OK, if you just have to kill a tree, I highly recommend Jon Duckett's HTML & CSS: Design and Build Websites. But it's not required.
Communicate with Remind
Email still has its uses, but it’s time for us to keep in touch outside of class with a more modern tool: messaging. I found a great free service called Remind that you can use either as an app on your iPhone or Android device, or via texting.
You can download the app from the usual places:
To join our course’s Remind group, you will need to get instructions from me during class.
So what are we going to use Remind for?
- A way for me to communicate with students in the class. If I need everyone to know something about the class (like I'm vomiting or trapped in a burning car, so I might be late), I’ll send it to Remind.
- A way for me to share interesting readings with students. If I find an article that looks like something appropriate to this course, I’ll send it on via Remind. It’s just a suggestion for reading; it’s not required.
- A way for you guys to communicate with me or other students. When you send an message to Remind, it goes to everyone. Do keep that in mind!
Your grade will be based on the following factors:
- Class attendance and participation (20%): You are expected to attend class prepared to learn and discuss the topics with your fellow classmates. We may also work on in-class exercises, and you are expected to take an active part in those exercises.
- Projects (80%): We will practice HTML & CSS in & out of class with a series of assigned projects involving the use of these technologies. Think of them as open-book tests, since you will be allowed (heck, encouraged!) to use your class notes, websites, & any other resources you can access. IMPORTANT: You must either show me that you have completed a project within one week of its assignment date. Neglecting to do so may result in a failing grade for that project.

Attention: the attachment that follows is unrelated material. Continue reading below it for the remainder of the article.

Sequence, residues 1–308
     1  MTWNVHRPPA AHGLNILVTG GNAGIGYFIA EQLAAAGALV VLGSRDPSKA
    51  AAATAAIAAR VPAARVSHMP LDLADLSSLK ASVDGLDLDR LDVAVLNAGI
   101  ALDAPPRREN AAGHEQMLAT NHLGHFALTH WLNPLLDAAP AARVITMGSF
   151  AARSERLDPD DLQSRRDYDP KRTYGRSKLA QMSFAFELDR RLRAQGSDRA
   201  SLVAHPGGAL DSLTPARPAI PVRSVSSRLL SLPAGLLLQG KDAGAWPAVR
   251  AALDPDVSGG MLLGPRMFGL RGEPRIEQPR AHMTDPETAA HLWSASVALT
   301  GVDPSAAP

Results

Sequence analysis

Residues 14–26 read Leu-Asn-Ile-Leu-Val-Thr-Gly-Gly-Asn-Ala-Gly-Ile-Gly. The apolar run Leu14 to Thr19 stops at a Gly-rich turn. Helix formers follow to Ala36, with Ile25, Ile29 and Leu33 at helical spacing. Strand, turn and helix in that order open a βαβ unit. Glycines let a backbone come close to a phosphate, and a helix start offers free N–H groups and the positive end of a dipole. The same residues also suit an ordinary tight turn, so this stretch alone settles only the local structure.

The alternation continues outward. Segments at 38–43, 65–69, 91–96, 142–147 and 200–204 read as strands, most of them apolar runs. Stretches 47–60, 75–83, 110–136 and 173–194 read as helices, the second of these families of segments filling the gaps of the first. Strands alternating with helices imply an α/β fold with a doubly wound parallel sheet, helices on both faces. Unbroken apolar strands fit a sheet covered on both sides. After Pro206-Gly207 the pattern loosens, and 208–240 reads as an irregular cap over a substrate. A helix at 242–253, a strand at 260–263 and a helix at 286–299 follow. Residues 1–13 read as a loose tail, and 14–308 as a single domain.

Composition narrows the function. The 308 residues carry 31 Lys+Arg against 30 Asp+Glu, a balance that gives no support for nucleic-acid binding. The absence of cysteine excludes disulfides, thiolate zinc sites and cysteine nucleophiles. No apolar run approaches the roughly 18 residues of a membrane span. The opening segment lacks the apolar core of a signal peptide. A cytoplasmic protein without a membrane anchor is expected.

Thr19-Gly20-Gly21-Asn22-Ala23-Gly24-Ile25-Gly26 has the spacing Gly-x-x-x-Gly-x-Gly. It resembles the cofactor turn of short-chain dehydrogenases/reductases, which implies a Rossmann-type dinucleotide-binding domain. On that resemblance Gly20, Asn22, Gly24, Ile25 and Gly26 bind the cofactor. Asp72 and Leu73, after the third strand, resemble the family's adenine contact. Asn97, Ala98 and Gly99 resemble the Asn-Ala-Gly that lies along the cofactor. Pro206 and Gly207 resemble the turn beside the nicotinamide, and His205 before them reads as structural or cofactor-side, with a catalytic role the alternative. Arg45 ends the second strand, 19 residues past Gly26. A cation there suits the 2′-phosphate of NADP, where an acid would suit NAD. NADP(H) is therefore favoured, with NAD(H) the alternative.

Grades will be based on an average of the above as follows:
At any time you can ask me how you’re doing in the course & I will show you.
How the Class Works
This course is based around the idea of flipped teaching. Instead of coming to class to hear a lecture & then going home to do work, we’re going to flip that.
I’ve made videos for most of the lectures in this course, & you will watch those at home. Some videos are 2 minutes long, while the longest is around 40 minutes; most are around 10 minutes or so. When we’re in class, I’ll review important or tricky stuff, answer questions, & walk around to help or grade your work.
Note that all grading will be done by the two of us sitting together. I will never accept homework turned in via email or any other way that is not collaborative.
If you want to show me some code that you’re confused about or need help with, please go to Pastebin, do the following, & then send me the URL:
- Enter your code into the box
- Set Syntax Highlighting to HTML or CSS
- Set Paste Expiration to 1 week
Accommodation of Disabilities
Webster University is committed to providing accommodations and/or services to students with documented disabilities. If you have registered as a student with a documented disability and are entitled to classroom or testing accommodations, please inform me at the beginning of the course.
Drops and Withdrawals